The neighbor’s hay got cut on May 17, way earlier than usual. I wonder if there will be a second cutting this year.
The garden is mostly planted now. Transplanted: hops, kale, peppers, and tomatoes. Seeded: beans.
Grant’s garden is also started: Old Mother Stallard beans and a couple dozen watermelon seeds.
We transplanted a rhubarb plant on the north side of the house.
The cilantro that overwintered is blooming, so we should be able to harvest coriander seed soon. Heather checked a couple of garlic plants, and they have about four plump cloves per head. Hopefully by harvest time on June, they’ll have more cloves, but they’re looking great.
Karen the sheep was late to lose her winter coat this year. She still has a small patch on her back.
The neighbor’s hay was cut yesterday, a few weeks later than last year. I’ve heard this is a bumper year for hay. If my allergies are any evidence, I’d say it’s true. The neighbor’s fence took a bit of a thrashing yesterday, too.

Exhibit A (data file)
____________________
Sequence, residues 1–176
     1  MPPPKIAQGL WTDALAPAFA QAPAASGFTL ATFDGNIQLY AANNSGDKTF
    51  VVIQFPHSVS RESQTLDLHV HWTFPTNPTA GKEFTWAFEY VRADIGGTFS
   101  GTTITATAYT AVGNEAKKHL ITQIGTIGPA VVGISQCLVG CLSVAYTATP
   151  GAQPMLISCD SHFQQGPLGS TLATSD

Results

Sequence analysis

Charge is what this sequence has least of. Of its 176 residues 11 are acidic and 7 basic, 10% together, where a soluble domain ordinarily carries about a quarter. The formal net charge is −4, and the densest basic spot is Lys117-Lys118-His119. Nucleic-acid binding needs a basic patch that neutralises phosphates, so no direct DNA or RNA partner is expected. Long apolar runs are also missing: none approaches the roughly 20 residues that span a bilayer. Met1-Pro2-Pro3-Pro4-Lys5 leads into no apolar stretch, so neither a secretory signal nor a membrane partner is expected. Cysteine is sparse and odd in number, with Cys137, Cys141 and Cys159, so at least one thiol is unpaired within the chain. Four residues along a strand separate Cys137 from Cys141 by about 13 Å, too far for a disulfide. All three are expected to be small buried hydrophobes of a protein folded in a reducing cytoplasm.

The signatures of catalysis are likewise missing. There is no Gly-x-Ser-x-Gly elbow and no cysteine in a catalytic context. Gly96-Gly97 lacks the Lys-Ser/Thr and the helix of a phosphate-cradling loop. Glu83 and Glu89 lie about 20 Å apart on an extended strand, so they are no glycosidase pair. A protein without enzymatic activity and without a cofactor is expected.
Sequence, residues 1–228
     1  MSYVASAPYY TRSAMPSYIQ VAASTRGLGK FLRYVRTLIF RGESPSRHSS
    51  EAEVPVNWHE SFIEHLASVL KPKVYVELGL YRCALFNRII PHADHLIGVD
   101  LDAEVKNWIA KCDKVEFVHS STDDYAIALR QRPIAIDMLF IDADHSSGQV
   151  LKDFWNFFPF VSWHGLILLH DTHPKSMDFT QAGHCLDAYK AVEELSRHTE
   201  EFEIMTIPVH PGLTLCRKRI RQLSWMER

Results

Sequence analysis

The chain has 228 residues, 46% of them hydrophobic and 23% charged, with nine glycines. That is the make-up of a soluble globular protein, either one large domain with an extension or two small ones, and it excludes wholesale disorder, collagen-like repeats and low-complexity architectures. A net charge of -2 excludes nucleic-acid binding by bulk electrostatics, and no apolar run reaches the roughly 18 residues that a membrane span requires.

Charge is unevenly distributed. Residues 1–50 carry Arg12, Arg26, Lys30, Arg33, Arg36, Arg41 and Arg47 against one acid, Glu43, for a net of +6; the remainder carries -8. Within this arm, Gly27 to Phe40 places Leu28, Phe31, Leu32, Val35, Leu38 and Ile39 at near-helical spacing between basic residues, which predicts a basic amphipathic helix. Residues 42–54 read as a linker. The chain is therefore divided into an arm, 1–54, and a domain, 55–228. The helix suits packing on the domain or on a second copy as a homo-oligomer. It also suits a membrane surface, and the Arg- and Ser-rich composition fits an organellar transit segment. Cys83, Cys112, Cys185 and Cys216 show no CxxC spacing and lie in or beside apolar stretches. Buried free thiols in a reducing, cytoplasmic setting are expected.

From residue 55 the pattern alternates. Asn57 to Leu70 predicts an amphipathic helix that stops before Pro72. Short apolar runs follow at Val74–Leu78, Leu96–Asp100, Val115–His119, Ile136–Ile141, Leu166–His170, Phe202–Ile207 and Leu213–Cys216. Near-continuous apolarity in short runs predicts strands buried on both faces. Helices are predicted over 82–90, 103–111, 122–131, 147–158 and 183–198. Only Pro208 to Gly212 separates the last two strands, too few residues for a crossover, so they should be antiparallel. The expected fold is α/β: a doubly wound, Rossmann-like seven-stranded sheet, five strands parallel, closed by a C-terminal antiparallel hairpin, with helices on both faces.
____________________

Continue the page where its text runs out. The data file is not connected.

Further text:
Our neighbors’ field was cut and bailed over the past week. They generously gave us some bales for our sheep.
Our other neighbors have us three probably-fertilized turkey eggs, and one of our chickens is broody, so we’re letting her sit on them. It’ll be a couple more weeks before we find out if they hatch.
We transplanted a bell pepper plant and basil today. The pepper plant is larger than the one we transplanted way back in early May. I think we really need to be more patient with planting. Things that are planted too early languish and get ravished by bugs. Now that the soil has warmed up, things are finally taking off: corn, bean, beet, tomato, cucumber, and squash plants are all looking fairly healthy.
On the other hand, I wonder, if we fix the pH problem, will plants do better earlier in the season?
Lastly, today we transplanted an oak tree we got from our friends.